Promotion of Zinc Tolerance, Acquisition and Translocation of Phosphorus in Mimosa pudica L. Mediated by Arbuscular Mycorrhizal Fungi.Bull Environ Contam Toxicol. 2021 Mar; 106(3):507-515.BE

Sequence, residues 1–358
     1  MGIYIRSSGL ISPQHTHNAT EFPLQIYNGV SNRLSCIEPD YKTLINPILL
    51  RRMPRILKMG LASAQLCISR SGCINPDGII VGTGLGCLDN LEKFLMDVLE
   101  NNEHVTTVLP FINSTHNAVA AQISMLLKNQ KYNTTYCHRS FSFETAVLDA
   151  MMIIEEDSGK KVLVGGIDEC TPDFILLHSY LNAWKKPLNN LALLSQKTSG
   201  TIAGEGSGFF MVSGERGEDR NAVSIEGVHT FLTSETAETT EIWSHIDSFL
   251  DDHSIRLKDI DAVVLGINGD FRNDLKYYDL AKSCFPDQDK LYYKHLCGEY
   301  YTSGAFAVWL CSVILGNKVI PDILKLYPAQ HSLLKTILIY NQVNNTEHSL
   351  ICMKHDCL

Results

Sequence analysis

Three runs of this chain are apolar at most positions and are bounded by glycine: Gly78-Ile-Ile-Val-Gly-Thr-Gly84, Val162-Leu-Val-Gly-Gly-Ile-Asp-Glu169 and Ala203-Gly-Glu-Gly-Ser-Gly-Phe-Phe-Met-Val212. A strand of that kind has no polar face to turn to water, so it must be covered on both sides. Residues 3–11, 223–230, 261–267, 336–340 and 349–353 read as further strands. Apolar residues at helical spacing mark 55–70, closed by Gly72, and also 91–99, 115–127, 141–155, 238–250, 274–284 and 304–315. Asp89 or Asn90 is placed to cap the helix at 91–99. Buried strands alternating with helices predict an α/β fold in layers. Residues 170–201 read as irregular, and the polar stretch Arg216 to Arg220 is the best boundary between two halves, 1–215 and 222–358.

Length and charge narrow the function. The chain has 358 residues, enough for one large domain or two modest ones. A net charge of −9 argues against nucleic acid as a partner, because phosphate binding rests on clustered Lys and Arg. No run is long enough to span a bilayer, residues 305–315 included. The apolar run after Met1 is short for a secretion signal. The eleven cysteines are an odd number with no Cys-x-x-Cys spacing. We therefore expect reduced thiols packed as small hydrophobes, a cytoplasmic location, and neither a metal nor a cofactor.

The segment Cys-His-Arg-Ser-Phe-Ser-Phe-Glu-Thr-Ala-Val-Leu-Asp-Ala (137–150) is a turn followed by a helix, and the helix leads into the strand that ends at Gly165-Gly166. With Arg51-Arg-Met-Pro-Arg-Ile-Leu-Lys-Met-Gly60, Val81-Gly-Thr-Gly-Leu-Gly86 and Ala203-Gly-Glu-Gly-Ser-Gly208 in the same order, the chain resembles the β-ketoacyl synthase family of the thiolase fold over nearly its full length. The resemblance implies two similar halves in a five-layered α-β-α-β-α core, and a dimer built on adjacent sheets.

Heavy metal contamination of soil is of increasing concern because of its potential risk to human health. In this study, two AMFs (Rhizophagus intraradices and Funneliformis mosseae) substantially increased the biomass of bashfulgrass in Zn-contaminated soil, even at Zn levels of up to 600 mg kg-1. Zn uptake in R. intraradices- and F. mosseae-mycorrhizal bashfulgrass was increased by 40-fold and 7-fold, respectively, when plants grown in Zn-contaminated (400 mg kg-1) soil. Elemental analysis showed that neither AMF had an effect on Zn concentration in plant tissues, including the roots and shoots. However, a significant increase of phosphorus (P) concentration was observed, suggesting the increased is from the improved use efficiency of soil nutrients by AMFs. Comparing the two AMFs, better growth performance with more biomass occurred with R. intraradices-inoculated bashfulgrass in Zn-contaminated soil. This is consistent with R. intraradices being more tolerant to Zn than F. mosseae, indicated by a higher colonization percentage in bashfulgrass roots. Taken together, our data indicate that AMFs possibly improve acquisition and translocation of P to promote increased biomass. Moreover, mycorrhiza did not enhance Zn accumulation in shoots and roots of bashfulgrass at the same Zn level. In the future, developing AMF (especially R. intraradices) inoculation of plants might be a desirable means of safe production of ornamental plants in metal-polluted soil.